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Friday, March 12, 2021

'The Great'

12 March 2021

We live in a golden age of television drama but my new favourite is ‘The Great’ – Tony McNamara’s irreverent take on the story of Catherine the Great (available to stream on All4). The series starts with the teenage Catherine travelling from Germany to marry the Russian Emperor Peter. But this version of history is, as the show’s subtitle constantly reminds us, “an occasionally true story”. ‘The Great’ is very dark comedy – incredibly violent, crude and sweary. It’s like a cross between Yorgos Lanthimos’ film ‘The Favourite’ (starring Olivia Colman as Queen Anne, reviewed here in January 2019), Armando Iannucci’s film ‘The Death of Stalin’ and Noah Hawley’s ‘Fargo’ (reviewed here in October 2017). The first series is maybe a couple of episodes too long and could do with a few more sub-plots, but it builds a brilliant group of grotesque but likeable characters, played by a fantastic cast. Elle Fanning is naive, idealistic, determined and ruthless as Catherine, and Nicholas Hoult makes Peter a true monster who gradually becomes more sympathetic. Phoebe Fox, who we last saw as an excellent Ophelia in Simon Godwin’s National Theatre production of ‘Twelfth Night’ (reviewed here in April 2017), is wonderful as Marial, Catherine’s cynical maid. Adam Godley is a menacing presence as the scheming Archbishop (‘Archie’) and Sacha Dhawan is Count Orlo who clearly believes himself to be the only sane man in the Palace. I loved Belinda Bromilow’s scatty Aunt Elizabeth with her trained troupe of butterflies. But Douglas Hodge steals the show as Velementov – the drunken General in charge of the Russian army – demonstrating some fantastic slapstick skills and obviously having a ball. ‘The Great’ will not be to everyone’s taste: the laugh-out-loud moments are matched by as many look-away acts of violence. But I’m really looking forward to season 2.

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Thursday, March 04, 2021

'The Royal Chase' by Nation Beat

4 March 2021

I’ve written here before about my love of New Orleans brass bands, such as the excellent Hot 8 Brass Band (reviewed here in January 2013) and Minor Mishap Marching Band, Rebirth Brass Band, Youngblood Brass Band and Galactic (reviewed here in February 2019) – all of which featured in the third season of the ‘Fargo’ TV series (reviewed here in October 2017). Very long-time readers may also remember my interest in forró – the high-tempo, rapid-fire dance music from the North East of Brazil. I reviewed a concert of forró music by the legendary Brazilian musician Gilberto Gil at the Royal Festival Hall in July 2010 and the album ‘Light a Candle’ by New York-based Brazilian ex-pats Forró in the Dark in January 2010. So this week I was naturally delighted to discover ‘The Royal Chase’ by Nation Beat – a new album of brass and percussion tunes which bring together New Orleans jazz and Brazilian forró. Nation Beat’s Scott Kettner says “I wanted to reimagine the classic forró songs from Brazil as vehicles for improvisation in a funky brass band format.” He describes the result as “Forró, Funk, Brass ’n’ Sass!” The album is a nice mix of styles and moods, beautifully performed and always catchy. Here’s a flavour:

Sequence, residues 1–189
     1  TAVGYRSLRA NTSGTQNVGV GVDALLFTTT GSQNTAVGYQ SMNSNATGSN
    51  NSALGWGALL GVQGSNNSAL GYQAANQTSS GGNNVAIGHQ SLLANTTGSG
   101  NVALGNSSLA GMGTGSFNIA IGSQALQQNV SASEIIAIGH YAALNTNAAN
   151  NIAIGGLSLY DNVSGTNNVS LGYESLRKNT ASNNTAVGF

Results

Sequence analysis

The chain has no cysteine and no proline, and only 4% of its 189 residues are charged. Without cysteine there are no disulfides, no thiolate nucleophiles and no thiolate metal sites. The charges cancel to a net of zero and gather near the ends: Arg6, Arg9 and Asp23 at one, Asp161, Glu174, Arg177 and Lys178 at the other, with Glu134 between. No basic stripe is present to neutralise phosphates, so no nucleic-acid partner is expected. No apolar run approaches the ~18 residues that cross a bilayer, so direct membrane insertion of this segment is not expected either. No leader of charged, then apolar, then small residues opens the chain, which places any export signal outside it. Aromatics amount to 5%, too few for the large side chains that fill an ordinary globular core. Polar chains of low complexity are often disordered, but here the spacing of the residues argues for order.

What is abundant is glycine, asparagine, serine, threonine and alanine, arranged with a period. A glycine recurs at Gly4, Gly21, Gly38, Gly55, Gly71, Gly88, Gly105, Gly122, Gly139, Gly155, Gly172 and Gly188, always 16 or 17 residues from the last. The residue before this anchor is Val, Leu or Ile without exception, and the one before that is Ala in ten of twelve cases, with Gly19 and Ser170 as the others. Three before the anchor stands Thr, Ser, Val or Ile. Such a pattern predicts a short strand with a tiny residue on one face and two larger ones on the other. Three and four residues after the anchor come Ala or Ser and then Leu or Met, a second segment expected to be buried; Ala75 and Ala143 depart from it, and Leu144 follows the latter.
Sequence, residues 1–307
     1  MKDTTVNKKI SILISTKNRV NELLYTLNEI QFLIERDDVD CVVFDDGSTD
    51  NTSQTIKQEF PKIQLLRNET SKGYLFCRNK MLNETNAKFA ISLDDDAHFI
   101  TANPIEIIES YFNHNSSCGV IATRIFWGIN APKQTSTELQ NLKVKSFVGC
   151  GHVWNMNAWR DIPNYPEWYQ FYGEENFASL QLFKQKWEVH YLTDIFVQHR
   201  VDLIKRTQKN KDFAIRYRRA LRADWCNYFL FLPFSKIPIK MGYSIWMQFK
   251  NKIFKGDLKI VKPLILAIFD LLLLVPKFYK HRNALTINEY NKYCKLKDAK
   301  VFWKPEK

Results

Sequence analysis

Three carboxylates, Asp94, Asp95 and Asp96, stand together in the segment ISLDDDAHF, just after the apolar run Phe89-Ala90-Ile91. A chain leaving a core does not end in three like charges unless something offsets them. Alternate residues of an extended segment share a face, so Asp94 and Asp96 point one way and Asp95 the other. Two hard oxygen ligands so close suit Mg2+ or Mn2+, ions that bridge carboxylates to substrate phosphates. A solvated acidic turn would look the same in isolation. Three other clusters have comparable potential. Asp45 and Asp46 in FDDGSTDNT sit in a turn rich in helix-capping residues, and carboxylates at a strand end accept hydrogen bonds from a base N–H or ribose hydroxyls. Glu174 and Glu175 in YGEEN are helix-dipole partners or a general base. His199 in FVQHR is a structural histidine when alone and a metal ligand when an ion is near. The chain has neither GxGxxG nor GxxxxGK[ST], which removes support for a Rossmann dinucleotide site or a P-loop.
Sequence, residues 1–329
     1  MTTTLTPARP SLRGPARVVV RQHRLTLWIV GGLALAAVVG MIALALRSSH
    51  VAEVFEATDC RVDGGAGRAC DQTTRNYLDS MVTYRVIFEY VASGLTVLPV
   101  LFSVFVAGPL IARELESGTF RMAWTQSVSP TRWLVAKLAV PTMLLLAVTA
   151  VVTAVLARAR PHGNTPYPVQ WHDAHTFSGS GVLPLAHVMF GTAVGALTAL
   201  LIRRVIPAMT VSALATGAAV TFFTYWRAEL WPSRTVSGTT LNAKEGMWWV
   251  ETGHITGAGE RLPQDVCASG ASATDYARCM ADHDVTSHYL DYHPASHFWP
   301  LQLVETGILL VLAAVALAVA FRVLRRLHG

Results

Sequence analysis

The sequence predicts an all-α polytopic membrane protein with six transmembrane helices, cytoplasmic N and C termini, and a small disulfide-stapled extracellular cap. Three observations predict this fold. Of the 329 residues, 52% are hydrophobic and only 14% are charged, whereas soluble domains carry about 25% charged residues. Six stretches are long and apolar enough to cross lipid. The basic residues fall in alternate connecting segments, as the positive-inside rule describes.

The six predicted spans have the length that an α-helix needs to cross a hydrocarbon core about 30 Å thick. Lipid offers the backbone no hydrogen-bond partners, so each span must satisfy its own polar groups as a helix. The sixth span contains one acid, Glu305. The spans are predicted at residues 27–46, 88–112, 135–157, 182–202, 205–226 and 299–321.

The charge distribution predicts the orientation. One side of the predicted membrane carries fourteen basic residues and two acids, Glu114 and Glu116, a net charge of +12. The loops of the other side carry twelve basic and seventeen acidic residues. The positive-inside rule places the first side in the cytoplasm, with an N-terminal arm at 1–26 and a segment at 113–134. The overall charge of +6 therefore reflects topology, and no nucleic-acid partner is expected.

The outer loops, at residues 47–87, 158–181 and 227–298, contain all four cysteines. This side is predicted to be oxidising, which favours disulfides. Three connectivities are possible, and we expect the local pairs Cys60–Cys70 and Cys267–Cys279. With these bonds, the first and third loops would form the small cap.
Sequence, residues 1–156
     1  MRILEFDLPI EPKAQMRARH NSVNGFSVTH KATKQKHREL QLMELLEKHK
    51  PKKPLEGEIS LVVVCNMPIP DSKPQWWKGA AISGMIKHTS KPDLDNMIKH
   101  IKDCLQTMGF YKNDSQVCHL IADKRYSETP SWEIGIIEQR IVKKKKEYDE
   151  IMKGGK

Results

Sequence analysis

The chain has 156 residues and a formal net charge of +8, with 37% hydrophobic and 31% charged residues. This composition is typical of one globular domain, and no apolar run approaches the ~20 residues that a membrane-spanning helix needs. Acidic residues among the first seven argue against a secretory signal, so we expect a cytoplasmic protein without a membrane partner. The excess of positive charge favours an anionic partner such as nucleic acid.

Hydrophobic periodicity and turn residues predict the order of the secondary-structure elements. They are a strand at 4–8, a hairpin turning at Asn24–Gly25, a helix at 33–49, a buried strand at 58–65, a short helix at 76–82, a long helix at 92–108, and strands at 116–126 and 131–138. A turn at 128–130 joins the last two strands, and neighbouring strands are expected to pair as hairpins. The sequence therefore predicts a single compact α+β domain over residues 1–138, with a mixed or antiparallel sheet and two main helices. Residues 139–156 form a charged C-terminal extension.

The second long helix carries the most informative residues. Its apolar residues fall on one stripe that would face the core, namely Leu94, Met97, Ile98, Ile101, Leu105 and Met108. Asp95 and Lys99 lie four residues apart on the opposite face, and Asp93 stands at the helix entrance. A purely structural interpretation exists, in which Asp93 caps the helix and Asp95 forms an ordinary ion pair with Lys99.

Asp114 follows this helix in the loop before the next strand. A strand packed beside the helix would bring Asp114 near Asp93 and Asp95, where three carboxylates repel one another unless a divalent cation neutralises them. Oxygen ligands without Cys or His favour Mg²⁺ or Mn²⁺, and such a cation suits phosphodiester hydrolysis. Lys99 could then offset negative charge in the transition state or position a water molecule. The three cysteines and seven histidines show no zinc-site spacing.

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Thursday, February 25, 2021

Italian Cookery Workshop by Carmela Sereno Hayes

25 February 2021

Last Saturday I took part in my first Zoom cookery class. Northampton Museum & Art Gallery has organised a series of three cookery workshops with the Italian cook and author Carmela Sereno Hayes. About a dozen of us gathered on Zoom on Saturday morning for the first session, on pasta, soups and sauces. We had been sent three recipes in advance so we could buy the necessary ingredients and have everything ready to cook along with Carmela. I set up my laptop in the kitchen so I could watch the screen while cooking. A lot of the time I was listening more than watching but it worked well. It felt like a bit like a TV cookery programme but with the opportunity to ask questions throughout. And it was good to be making the same recipes together in real time – so when Carmela showed us that the onions should be nice and soft by now we could see that ours were too. It was also nice to be learning the techniques in the familiarity of your own kitchen – making it more likely that I might be able to re-create these meals on my own afterwards. We made pasta e fagioli – a hearty pasta and bean soup – as well as spaghetti carbonara and a red pepper and ricotta pasta sauce. It was great fun and all three dishes were delicious: I will definitely be making them again. More details at: